…and some cool Colt photos! It seems my photos of the Colt a few blogs down prompted our good buddy and trusted advisor Jimbo to alert his friend Tom, who forwarded photos of his Colt!
So, without further ado, here’s Jim’s email to me and the string of Jim and Tom emails…
Here’s an interesting email story that should be told…Tom Lawson gave me permission to send it on for your use…Tom is our kind of guy!
Thanks, Jim! I will follow that Blog!
As promised, here are some photos of my little Colt! Enjoy!
All the best,
I noticed a good photo of the early Colt on the CSC Blog today..In case you don’t follow the Blog, here’s the pic!
Again, thanks for your most interesting and the most beautiful Phaeton I have ever seen…Even the photography is awesome…I have filed them to share with others!
I think you should know that you are corresponding with an 83 year old “has been”…I grew up during the “heyday” of the evolution of the flat head Ford early Hot Rod era…I was fortunate to been able to hang out at a leading hot rod shop in Glendale California during my teen years and
leaned to “talk the talk and walk the walk”…Looking back, I’m surprised I survived it all…Then later 15 years at Mustang Motorcycle, building 10 bikes each day and testing thousands of them, it’s a wonder I’m sitting here writing this!..Oh yea, the stories I could tell you…Through all this I was closely associated with some very talented guys, geniuses actually and some of it rubbed off on me and I too developed skills and craftsmanship that later allowed me to build some projects that I too was very proud of so I know the “feeling”!
About the year 2000, I built a 1948 Ford truck muscle project that won many awards…I did all the work except the painting but I was probably the first to ever powder coat the entire truck, including the frame and cab…The powder coat was an ideal primer for the finish paint…I won the war over rust!…I recently sold the truck and it now resides in Auckland New Zealand…
I restored the 1961 Mustang my wife located about 10 years ago and I did it my way!…After building thousands, I was not about to build another one with out personalizing it to fit me…
I’ll wait until you send the pics of your Colt before I send your story on..
Well, Good Sunday Morning, Jim!
What a delightful response – you are right, we would likely have gotten into trouble had we met sooner!
After I wrote to you, I thought about it and I suspect that you are correct – all adjustable bars need to be adjustable is to cut off the bars, and weld a cradle on the forks for new bars. My Dad, an avid mechanic might just have done that himself – knowing how he was (if it didn’t fit he made it fit) he may have actually been the culprit!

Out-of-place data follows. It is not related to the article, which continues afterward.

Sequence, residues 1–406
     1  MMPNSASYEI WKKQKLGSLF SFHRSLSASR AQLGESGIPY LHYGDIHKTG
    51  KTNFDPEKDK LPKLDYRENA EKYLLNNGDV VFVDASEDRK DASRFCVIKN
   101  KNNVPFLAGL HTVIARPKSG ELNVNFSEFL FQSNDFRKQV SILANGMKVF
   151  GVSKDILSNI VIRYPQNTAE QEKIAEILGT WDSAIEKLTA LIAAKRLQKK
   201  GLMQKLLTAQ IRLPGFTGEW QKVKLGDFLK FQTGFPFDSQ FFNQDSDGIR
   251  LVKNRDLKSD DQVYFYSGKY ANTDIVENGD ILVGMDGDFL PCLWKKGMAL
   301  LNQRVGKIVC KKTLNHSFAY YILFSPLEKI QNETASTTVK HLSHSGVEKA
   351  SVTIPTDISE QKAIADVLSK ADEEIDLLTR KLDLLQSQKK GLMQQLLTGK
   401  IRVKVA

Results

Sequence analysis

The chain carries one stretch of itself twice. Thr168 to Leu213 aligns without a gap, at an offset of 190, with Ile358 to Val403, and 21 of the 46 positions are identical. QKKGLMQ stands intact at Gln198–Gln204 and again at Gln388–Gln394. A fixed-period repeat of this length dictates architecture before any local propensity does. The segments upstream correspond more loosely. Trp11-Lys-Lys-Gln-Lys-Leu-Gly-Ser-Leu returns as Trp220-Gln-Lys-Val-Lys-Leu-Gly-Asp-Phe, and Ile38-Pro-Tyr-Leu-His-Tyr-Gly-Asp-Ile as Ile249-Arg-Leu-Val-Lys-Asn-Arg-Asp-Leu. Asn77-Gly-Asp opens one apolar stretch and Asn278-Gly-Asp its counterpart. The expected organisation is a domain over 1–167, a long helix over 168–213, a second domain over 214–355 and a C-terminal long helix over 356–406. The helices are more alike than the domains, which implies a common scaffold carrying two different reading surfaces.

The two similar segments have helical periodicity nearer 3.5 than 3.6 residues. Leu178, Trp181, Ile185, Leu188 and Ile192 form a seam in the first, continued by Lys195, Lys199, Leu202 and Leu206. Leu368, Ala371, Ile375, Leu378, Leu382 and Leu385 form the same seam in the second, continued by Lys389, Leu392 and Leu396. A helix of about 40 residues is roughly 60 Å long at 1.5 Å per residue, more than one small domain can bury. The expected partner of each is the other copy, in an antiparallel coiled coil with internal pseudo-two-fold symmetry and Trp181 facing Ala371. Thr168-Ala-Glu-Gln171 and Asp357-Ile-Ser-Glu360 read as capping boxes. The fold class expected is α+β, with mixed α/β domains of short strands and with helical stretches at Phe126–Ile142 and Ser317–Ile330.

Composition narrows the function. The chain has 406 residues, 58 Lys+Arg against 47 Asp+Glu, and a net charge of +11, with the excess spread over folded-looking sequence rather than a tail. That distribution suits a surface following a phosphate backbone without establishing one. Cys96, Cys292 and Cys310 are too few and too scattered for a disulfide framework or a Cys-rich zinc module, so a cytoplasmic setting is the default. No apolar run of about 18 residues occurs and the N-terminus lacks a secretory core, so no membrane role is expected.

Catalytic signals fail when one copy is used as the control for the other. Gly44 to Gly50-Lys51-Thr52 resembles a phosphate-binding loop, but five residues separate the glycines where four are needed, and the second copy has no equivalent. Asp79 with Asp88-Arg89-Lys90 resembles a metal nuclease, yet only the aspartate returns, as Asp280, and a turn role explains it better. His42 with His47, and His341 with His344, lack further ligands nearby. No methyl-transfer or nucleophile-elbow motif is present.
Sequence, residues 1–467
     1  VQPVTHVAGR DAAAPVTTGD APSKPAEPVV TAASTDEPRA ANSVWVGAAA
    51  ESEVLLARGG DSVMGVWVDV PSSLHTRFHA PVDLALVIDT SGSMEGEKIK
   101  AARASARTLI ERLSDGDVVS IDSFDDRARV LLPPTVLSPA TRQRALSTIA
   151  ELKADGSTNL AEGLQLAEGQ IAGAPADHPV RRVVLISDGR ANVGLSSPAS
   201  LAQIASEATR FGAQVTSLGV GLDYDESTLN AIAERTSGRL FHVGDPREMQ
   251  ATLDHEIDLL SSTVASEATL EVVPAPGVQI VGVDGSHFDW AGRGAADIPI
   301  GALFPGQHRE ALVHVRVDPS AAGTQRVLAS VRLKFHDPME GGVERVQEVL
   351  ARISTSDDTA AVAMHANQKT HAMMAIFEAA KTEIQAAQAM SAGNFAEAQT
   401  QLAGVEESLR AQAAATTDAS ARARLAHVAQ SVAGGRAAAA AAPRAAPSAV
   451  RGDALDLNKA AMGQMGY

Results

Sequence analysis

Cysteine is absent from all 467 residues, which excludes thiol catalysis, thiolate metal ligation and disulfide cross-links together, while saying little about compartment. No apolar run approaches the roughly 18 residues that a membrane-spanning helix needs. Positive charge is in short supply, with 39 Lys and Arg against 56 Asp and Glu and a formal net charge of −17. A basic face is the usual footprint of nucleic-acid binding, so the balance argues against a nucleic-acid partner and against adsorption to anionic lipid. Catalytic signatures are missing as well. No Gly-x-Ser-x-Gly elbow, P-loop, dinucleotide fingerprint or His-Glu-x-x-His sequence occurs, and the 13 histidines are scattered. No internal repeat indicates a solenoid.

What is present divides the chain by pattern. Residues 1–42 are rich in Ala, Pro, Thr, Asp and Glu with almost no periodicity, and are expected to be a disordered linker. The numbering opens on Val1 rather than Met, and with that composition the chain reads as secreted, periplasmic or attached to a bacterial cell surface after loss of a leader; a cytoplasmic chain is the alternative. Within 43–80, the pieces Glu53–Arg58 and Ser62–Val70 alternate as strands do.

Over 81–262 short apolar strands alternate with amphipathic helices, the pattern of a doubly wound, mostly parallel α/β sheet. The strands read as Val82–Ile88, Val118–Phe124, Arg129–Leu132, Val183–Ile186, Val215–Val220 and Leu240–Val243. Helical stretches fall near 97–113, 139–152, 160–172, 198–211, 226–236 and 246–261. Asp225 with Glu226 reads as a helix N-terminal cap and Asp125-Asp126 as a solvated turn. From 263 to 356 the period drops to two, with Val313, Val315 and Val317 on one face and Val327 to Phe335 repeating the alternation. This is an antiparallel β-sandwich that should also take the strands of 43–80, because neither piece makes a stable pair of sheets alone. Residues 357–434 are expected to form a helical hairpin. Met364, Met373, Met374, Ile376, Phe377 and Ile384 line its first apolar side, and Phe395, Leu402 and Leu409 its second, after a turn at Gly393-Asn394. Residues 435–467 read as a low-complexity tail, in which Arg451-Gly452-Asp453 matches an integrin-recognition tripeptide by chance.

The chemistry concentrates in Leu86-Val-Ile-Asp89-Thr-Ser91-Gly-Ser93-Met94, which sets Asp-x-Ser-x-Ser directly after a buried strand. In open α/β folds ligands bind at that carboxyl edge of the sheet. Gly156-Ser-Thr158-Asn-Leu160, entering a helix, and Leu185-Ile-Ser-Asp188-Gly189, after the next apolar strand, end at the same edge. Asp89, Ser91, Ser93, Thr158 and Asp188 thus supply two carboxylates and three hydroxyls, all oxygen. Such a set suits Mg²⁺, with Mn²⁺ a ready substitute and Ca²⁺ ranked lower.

I suppose that makes my Colt a bit out of the ordinary and so I won’t ever win a Concours because the handle bars are wrong and of course the mufflers are not exactly correct, (and needless to say, the color isn’t right) but as you can see by the attached photos, I am a bit stymied by convention…(I just finished resurrecting the REATH Automotive Fiat Altered and I just got my dragster back from the NHRA Museum). I have also attached some photos of my last Grand National Roadster Show Winning car a ’27 Chrysler Phaeton – it was originally the official parade car for Victoria Australia from 1927 through 1966 and I thought it would be better as a dual-quad Hemi -powered street rod.
This may confirm to you that I am a bit irreverent! Cars and bikes were meant to be personalized – I have had 100-point Mopars, Pontiac’s, and most recently a 1951 Chris-Craft Mahogany Speedboat (if you want picky judges, just go out and restore a wooden speedboat) and all that I take away from ‘restoring’ scores of vehicles back to original is to realize why there is an aftermarket….BORRRR-ING!!!!
I will send you photos of my little Colt after I clean her up and get her running ( I took her home from my museum after I wrote you in order to get her fired up – I never even started her up after the last resto in 1996 – that shows you how busy I’ve been!)
You are more than welcome to publish whatever you want – I was an MMCOA Member for years but somehow I dropped off of the list and never received a renewal request so I figured it went out of business, but now I see that it is still going so I will likely re-join. I suppose I need to get my Colt in the Registry….